2. Masters in HR, It’s Time to Become a Master Social Networker
LinkedIn and HR Professionals Go Hand In Hand

Recently, published an article about the importance of LinkedIn for HR professionals. LinkedIn has over 37 million members on the site, 450,000 of which are HR professionals. Many are not maximizing the value the site can provide them.

LinkedIn, and other online social networking sites, provide HR professionals with a plethora of options:

* Recruitment
* Professional networking
* Research
* Peer-to-peer help on message boards
* New career opportunities
* Consulting

If you are looking for a new career opportunity, an updated résumé on your profile is crucial. List your credentials (i.e., Master of Science in Human Resource Development, SPHR® certification, SHRM membership) in your résumé profile; credentials can increase your résumés visibility among the masses.

Tweet Your Credentials

Be creative with the 140 character allotment you’re given. Potential employers, recruiters and head hunters search for keywords, and if you have these keywords in your profile you’ll show up for those queries.

If you want to take charge of your job hunt, try Tweep Search. This site searches current Twitter profiles. Some keywords you could use for your search are: talent acquisition, executive search, master’s in hr, sourcing.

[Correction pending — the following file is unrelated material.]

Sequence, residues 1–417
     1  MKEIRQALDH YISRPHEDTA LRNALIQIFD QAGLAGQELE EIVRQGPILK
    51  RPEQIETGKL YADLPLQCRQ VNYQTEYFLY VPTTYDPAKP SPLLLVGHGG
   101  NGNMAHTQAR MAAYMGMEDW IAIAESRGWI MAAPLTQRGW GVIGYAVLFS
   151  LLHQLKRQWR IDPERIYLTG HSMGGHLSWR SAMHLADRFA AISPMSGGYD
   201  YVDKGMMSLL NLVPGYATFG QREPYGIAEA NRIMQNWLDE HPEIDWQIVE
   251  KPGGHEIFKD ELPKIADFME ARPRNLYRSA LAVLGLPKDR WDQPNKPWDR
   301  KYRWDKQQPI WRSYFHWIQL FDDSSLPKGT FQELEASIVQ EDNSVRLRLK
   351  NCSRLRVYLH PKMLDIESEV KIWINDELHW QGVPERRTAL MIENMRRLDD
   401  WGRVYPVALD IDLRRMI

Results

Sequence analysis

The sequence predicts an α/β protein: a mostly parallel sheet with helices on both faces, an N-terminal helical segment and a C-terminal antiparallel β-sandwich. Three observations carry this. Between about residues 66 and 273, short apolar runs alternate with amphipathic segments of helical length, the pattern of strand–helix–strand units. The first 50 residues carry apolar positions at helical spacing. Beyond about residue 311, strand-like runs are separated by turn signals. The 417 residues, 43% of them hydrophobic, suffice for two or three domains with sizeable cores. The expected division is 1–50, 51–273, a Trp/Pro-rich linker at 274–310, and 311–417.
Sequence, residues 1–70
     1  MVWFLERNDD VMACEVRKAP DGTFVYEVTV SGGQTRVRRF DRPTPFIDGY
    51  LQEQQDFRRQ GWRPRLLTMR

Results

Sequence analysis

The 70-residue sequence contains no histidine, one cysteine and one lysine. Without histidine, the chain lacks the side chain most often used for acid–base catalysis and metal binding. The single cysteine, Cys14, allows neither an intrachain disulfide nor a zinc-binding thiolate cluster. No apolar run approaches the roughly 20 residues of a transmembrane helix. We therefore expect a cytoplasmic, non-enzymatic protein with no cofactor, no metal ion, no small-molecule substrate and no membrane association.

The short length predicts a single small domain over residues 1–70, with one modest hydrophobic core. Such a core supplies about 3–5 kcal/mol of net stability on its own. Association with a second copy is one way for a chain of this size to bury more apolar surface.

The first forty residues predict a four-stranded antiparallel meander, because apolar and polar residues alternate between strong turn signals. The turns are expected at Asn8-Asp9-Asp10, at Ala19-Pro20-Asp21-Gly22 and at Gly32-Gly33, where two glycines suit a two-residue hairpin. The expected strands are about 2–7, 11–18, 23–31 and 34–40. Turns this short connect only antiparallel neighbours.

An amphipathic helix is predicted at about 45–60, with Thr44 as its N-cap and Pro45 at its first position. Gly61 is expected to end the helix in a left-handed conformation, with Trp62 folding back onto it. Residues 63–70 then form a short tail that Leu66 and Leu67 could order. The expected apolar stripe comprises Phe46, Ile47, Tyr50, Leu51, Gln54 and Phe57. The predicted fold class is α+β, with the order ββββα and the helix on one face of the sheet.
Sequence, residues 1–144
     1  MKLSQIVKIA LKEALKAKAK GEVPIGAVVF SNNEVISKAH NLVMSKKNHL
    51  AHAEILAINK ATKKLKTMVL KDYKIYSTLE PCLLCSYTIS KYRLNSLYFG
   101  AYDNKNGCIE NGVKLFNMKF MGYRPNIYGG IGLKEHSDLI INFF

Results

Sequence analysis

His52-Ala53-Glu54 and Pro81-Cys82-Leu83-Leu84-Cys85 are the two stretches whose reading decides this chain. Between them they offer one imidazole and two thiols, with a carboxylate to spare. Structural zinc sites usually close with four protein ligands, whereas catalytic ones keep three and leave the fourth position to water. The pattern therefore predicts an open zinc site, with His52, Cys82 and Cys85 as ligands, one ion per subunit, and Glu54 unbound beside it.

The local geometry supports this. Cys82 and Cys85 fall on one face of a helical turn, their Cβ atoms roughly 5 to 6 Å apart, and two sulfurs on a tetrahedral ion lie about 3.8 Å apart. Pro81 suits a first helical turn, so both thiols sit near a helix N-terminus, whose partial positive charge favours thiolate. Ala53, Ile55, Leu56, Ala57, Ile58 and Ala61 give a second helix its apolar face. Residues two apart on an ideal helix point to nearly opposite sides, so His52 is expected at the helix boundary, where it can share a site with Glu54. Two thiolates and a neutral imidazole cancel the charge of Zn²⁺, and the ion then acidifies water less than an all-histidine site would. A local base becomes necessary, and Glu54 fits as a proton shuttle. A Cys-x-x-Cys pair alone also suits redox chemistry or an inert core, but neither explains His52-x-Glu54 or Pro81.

3. Climb Up Another Rung on the Corporate Ladder

Your master’s in HR allows you to move from basic management positions to roles that include more authority and responsibility, such as:

* Director of Human Resources
* Vice President of Human Resources
* HR Business Partner
* HR Practice Leader
* HR Operations Analyst
* HR Learning and Development

4. Think Outside of the Box

Remember, sometimes “it’s not what you know, it’s who you know”. You need to know (i.e. be educated), but knowing the right people helps. Social networking can help by reaching out to as many people as possible. Another way to get someone’s attention (networking) while giving back is to volunteer.

Consider volunteering. Look to an issue you’re passionate about and would like to participate in (e.g.; cancer research, blood donation, homelessness). Once you’ve selected a  cause, it’s time to research. Find local organizations in need of volunteers. Contact the volunteer director, pitch why you would like to help out and how you can add value to their team. By volunteering, you will increase your network, your experience, and you’ll feel good.

Create Your Own #5!

What would you add to these tips? Put your thoughts in the comments.